The Daily Nole

Manic Monday: What the Hell Just Happened?

Jeremy Esbrandt/D'Vel Photography/FSU athletics

Well…that certainly didn’t go as planned.

In case you were under a rock all of Sunday, welcome back to the real world, where Florida State football has done the unthinkable and fired head coach Willie Taggart after a crushing 27-10 loss to Miami on Saturday.

Though that’s not the real reason for the firing.

The loss to Miami was in the same group as the other 12 losses of his tenure — losses that led to FSU missing a bowl game for the first time in 37 years, one of the worst recruiting classes in two decades, and a total cratering of program perception.

We have a lot of thoughts about how it all went down. Here’s what we’re going to say for now:

Taggart is a great example of how a CEO-style coach fails. The team/program needs a solid foundation to build from, with coaches who work towards building up their respective groups. The national title contention doesn’t happen immediately, and some coaches hired at the beginning won’t stay.

But that’s okay, because they’re supposed to be constantly progressing and working towards a baseline of performance that allows the next coach to have something to work with. Taggart switching his offensive coordinator and offensive line coach after one year wasn’t the issue.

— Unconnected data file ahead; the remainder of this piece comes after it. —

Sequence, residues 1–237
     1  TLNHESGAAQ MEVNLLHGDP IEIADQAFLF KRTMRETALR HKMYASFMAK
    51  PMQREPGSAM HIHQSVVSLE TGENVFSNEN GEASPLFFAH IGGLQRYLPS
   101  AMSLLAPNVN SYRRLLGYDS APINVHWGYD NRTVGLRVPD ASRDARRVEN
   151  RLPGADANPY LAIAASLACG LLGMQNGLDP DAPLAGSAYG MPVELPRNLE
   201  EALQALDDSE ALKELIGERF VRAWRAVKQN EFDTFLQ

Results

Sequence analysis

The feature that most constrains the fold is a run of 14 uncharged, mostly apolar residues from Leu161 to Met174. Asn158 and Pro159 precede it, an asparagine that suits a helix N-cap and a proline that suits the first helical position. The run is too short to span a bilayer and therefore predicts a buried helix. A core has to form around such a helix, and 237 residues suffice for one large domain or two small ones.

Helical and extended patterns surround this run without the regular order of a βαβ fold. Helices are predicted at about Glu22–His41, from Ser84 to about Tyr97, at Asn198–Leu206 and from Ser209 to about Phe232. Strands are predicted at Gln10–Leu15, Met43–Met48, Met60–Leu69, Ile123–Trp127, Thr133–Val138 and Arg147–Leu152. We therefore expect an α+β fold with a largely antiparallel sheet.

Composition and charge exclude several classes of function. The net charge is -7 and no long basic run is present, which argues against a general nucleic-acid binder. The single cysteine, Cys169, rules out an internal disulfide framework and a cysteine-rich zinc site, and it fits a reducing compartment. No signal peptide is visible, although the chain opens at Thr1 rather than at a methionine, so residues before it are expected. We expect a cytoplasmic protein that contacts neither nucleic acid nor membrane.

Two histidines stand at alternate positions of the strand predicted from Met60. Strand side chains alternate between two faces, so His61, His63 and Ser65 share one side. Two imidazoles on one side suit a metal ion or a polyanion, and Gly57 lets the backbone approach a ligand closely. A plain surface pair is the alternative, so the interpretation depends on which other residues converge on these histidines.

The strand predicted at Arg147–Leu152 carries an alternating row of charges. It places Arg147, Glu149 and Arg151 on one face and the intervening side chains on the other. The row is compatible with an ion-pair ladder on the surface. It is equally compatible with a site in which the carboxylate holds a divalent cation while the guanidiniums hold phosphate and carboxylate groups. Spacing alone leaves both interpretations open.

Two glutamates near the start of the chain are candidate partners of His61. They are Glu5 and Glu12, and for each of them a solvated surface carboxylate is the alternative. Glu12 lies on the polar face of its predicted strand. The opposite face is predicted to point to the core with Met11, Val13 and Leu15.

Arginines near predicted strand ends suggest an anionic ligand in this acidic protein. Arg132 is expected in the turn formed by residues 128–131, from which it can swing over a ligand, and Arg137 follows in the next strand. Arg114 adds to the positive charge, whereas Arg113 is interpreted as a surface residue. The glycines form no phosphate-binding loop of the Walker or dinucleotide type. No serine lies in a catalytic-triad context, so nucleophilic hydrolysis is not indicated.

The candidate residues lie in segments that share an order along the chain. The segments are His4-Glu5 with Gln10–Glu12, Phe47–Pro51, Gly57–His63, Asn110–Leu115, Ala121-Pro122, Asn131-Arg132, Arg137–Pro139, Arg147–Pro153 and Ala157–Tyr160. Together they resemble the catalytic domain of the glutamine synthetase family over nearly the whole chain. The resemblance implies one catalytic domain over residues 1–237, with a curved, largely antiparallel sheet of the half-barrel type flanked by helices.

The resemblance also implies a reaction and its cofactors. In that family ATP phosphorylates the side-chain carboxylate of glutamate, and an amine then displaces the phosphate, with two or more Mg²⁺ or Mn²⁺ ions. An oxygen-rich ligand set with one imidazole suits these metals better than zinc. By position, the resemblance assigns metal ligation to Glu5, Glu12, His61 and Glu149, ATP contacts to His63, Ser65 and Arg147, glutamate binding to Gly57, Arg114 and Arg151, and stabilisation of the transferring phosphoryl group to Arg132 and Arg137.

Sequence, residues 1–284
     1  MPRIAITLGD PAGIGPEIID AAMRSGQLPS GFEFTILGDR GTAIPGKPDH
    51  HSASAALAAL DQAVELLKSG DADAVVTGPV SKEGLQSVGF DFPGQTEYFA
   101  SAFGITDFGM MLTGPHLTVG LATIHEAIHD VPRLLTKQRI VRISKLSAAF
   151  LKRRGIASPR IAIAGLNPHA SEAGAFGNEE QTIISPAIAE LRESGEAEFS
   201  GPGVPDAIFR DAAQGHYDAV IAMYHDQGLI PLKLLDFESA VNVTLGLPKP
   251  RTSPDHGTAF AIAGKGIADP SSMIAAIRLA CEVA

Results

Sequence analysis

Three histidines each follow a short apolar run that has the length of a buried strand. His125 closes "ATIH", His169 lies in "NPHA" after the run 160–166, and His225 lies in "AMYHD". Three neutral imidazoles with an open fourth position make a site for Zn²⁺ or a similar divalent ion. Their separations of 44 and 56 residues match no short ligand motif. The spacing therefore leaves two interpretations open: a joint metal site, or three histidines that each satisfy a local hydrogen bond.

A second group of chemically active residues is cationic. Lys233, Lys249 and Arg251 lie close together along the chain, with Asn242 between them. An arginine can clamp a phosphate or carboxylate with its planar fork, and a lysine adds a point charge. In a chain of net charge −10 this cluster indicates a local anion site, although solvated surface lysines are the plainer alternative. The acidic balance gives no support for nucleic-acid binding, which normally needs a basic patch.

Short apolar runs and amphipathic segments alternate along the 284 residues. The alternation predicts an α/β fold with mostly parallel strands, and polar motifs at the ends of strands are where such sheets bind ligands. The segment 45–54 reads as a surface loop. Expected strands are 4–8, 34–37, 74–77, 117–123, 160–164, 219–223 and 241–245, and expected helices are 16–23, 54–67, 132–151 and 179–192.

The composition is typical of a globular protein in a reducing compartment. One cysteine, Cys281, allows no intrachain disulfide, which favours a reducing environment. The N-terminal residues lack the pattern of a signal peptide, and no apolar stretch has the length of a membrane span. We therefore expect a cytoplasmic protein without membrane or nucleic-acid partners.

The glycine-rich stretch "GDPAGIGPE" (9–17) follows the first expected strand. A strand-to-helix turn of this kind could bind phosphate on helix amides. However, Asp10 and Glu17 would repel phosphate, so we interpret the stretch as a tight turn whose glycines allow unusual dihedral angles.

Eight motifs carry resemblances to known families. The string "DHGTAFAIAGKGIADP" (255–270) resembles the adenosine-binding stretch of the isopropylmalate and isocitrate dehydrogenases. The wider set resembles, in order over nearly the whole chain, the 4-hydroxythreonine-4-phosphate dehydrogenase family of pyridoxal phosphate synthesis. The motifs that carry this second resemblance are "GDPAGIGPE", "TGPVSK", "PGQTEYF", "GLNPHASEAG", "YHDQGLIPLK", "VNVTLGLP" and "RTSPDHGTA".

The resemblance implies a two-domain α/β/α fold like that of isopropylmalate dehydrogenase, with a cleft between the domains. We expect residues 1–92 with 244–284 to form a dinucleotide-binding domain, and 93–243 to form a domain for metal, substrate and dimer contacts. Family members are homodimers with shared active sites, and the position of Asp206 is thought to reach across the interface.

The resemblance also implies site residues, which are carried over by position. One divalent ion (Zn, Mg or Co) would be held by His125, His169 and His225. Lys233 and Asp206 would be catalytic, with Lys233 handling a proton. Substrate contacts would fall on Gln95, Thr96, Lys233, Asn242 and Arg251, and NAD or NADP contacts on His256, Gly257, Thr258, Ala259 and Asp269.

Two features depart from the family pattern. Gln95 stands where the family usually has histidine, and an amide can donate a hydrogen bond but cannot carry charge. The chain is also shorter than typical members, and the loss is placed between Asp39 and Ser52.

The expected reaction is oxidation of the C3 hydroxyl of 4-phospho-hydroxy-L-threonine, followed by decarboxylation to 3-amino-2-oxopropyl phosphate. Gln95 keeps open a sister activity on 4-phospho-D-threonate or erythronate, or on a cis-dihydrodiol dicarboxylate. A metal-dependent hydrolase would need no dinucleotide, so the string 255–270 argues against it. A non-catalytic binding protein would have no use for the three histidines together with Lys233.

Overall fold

The issue was that he flopped on the first two hires so badly that 2018 looks like it was just a wasted year. Most glaring, in hindsight, was the case of former offensive line coach Greg Frey. Frey elected to focus on bringing in new players rather than trying to build up a position group that simply had no talent worth anything. Frey was probably correct in his assessment.

Look at current coach Randy Clements for proof. He is doing the best he can to coach up the talent currently on roster and try to maximize what they can get out of guys like Abdul Bello, Mike Arnold, Jauan Williams, etc. They’ve made legitimate improvement, but most of the players on the roster have reached their ceiling already. This is as good as it’s going to get with them.

Where he failed was the actual “bringing in new players” part. Florida State had four main targets for the offensive line: Dontae Lucas, Charles Cross, Evan Neal, and Will Putnam. Lucas signed with FSU and is turning out to be perhaps the best lineman currently on roster. Cross committed to FSU and then eventually decommitted and signed with Mississippi State. Will Putnam was favored to FSU for 99 percent of the process, before FSU faltered and he signed with Clemson. Evan Neal simply wanted to go to Alabama more.

So FSU got a quarter of its top targets and had no backup plans — the exact opposite of building up a unit to competency. Add in the fact that Frey’s two main recruits were Charles Cross and Will Putnam, and you come to the conclusion that Frey essentially did not coach and subsequently failed on the recruiting trail. That’s more than just a bad hire.

That is a made-me-lose-my-own-job type of hire.